How secure is your email?

Email may seem like a fairly secure method of communication, given that access to it is password-protected. In reality, though, emails are exposed at various stages, and not just as far as you and your password are concerned. This may allow fraudsters to commit identity theft and fraud.

How secure is your email?

There are four key areas that fraudsters could target in order to gain access to your email:

  • User’s devices, such as your laptop, tablet or smartphone
    If you leave your devices unlocked and unattended, someone else could easily try to access your email. They’ll succeed if you’re already logged on to your email account, or if your password’s saved on your device, or easy to guess. Fraudsters who don’t have physical access to your devices can still have other tricks up their sleeves for accessing your email, such as by phishing.
  • Networks
    Identity thieves don’t need access to your email account itself in order to gain access to your correspondence. They could target the connection between your device and your email provider, between your email provider and the recipient of your email, or between the recipient’s device and their email provider.
  • The servers that hold the emails
    Servers physically store data that make up your emails. Identity thieves with access to email servers could gain access to not just the emails currently sitting in your inbox; they could potentially also get hold of your email attachments, or even some emails that you’d recently deleted.

What to look out for

There are steps that you can take to try to protect your emails from falling into the wrong hands. Some suggestions can be found here. Generally speaking, you should keep your passwords strong and secure – this extends to securing devices such as laptops, tablets and smartphones as well. You should also ensure that your devices have firewalls and anti-spyware software installed, and that these are updated regularly.

Be wary if you receive an email asking for your private information – or which links to a web page asking for your personal data. Ensure that the sender if legitimate – some inboxes, for example, let you hover your mouse over the sender’s name in order to view their email address, so that you can check that they really do come from a trustworthy sender or organisation. If you do end up clicking on a link, make sure that the site is reputable, and that the page itself is secure (you’ll see ‘https’ instead of ‘http’ in the URL line).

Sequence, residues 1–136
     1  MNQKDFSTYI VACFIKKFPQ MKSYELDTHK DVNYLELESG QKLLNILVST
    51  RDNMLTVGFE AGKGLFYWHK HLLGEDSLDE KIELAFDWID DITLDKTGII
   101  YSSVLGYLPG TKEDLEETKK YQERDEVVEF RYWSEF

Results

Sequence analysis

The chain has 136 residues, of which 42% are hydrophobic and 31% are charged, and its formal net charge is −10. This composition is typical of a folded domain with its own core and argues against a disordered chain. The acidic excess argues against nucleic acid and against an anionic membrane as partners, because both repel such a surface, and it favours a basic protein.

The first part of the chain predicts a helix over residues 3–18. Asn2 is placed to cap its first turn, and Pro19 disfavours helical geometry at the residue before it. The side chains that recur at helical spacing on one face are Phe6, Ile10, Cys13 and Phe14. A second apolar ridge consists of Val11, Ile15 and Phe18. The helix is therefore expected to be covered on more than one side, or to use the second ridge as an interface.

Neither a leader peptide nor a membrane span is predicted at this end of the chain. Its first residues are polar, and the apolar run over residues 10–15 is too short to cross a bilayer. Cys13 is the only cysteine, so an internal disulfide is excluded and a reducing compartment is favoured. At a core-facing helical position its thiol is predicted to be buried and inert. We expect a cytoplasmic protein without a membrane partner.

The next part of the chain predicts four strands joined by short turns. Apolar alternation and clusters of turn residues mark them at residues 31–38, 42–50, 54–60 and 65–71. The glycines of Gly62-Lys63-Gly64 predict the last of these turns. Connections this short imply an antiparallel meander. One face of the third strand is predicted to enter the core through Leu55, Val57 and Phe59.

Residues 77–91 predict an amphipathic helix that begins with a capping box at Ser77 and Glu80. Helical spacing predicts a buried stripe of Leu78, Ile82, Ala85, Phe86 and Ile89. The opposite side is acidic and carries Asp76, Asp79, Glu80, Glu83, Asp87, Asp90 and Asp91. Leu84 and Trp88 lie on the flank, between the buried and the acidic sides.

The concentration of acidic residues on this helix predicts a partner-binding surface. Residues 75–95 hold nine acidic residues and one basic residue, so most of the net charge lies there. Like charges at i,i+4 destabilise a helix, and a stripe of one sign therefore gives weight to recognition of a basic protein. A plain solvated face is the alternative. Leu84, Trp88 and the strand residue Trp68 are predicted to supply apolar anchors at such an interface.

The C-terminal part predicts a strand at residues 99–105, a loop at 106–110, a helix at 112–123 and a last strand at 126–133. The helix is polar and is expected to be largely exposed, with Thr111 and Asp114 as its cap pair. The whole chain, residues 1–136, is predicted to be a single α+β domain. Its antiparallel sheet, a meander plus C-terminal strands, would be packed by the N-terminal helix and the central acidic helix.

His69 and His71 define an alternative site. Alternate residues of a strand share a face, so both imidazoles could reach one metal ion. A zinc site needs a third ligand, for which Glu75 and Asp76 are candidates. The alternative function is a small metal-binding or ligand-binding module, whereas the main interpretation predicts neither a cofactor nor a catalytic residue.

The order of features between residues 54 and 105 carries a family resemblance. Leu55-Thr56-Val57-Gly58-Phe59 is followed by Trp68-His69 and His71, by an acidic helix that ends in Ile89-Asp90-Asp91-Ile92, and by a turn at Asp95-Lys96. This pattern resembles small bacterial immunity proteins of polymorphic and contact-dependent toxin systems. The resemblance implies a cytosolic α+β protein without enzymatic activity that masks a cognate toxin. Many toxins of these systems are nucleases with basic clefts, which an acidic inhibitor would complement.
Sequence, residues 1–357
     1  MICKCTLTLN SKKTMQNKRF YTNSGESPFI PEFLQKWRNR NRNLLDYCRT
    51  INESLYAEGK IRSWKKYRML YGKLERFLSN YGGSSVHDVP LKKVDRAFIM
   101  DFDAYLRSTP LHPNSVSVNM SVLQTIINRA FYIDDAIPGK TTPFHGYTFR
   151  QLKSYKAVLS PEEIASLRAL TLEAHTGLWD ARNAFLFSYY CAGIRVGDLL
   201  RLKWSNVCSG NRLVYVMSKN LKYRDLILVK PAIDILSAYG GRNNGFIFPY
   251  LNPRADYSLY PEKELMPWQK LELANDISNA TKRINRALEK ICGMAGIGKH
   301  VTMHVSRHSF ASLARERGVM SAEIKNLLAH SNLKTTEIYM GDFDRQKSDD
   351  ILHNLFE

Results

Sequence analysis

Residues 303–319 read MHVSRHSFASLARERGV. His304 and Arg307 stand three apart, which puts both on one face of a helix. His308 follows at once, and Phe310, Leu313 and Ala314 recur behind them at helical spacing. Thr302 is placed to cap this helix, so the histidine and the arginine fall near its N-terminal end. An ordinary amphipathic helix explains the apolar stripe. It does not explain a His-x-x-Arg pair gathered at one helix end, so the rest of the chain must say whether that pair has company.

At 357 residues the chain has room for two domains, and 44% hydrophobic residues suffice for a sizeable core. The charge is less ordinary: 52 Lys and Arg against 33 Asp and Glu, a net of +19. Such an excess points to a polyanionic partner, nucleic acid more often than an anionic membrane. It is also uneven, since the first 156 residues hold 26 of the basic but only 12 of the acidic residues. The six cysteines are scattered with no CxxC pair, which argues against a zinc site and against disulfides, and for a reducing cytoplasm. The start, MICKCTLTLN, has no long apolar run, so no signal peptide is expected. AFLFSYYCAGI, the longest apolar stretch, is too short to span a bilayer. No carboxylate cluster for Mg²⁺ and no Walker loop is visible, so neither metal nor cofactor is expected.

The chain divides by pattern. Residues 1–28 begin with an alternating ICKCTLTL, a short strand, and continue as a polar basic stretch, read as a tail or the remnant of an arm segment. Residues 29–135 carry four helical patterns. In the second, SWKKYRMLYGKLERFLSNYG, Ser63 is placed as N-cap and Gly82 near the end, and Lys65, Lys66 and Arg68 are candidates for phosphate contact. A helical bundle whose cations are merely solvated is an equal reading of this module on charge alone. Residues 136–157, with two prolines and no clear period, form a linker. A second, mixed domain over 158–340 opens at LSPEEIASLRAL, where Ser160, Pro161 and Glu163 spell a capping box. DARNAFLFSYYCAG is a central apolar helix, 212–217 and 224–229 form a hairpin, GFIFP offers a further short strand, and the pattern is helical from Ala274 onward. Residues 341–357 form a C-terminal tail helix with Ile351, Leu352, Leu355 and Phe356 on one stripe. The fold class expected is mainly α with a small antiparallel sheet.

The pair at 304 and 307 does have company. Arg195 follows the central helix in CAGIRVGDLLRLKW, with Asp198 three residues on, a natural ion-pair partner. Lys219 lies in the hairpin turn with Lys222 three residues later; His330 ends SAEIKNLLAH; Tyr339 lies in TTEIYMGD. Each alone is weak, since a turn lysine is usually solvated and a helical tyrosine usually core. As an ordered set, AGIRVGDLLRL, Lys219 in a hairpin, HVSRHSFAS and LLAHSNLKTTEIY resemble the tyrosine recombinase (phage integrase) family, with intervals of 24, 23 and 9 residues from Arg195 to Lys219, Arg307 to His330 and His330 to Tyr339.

If you’re sending sensitive information to someone else, you may want to consider if email is really the best method to do so. If it is, make sure that you’ve got their email address right – you don’t want to mistype this and send private information to the wrong person.

What to do if your email’s been compromised

If you think that your email’s been compromised, there are some steps that you can take to minimise the damage. They include the following:

  • Change your email password, making sure that the new one is strong
  • Change the security questions to your email account
  • Scan your device using anti-virus software
  • Report it to your email provider
  • Report it to Action Fraud, the UK’s national fraud and cybercrime reporting centre
  • Tell your contacts that your email may have been compromised, so that they’ll treat any communication coming from your email address with caution
  • Monitor your credit report. You can check your Equifax Credit Report & Score (which is free for the first 30 days then £14.95 monthly) regularly to see if there’s any activity on your report that you can’t recognise. This will allow you to take action early if you spot any suspicious behaviour.

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